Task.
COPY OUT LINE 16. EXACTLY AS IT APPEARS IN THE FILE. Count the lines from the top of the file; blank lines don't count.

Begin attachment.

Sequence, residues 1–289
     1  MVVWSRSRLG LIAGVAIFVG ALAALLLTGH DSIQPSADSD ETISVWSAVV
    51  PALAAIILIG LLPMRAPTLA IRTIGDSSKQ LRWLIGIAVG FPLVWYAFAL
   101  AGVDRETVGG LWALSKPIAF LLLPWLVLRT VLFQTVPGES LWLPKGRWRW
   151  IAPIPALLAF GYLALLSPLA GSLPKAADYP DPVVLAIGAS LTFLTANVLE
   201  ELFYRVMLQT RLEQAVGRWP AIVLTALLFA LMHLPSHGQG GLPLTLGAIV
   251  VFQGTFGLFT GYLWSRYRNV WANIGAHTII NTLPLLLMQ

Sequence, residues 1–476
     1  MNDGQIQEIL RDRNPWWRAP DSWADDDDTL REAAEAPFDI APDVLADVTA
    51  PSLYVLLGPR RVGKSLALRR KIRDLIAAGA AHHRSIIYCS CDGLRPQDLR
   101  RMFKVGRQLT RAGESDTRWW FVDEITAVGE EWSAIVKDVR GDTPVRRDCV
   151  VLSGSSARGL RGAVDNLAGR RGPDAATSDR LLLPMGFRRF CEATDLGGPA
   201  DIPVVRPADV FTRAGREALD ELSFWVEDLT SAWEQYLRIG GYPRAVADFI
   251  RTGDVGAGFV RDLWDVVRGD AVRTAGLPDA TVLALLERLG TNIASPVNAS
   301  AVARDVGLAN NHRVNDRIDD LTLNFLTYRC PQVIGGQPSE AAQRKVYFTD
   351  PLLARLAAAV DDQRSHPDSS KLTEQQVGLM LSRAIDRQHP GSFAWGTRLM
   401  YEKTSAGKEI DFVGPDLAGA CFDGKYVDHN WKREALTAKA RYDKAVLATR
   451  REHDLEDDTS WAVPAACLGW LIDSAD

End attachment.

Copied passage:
   351  PLLARLAAAV DDQRSHPDSS KLTEQQVGLM LSRAIDRQHP GSFAWGTRLM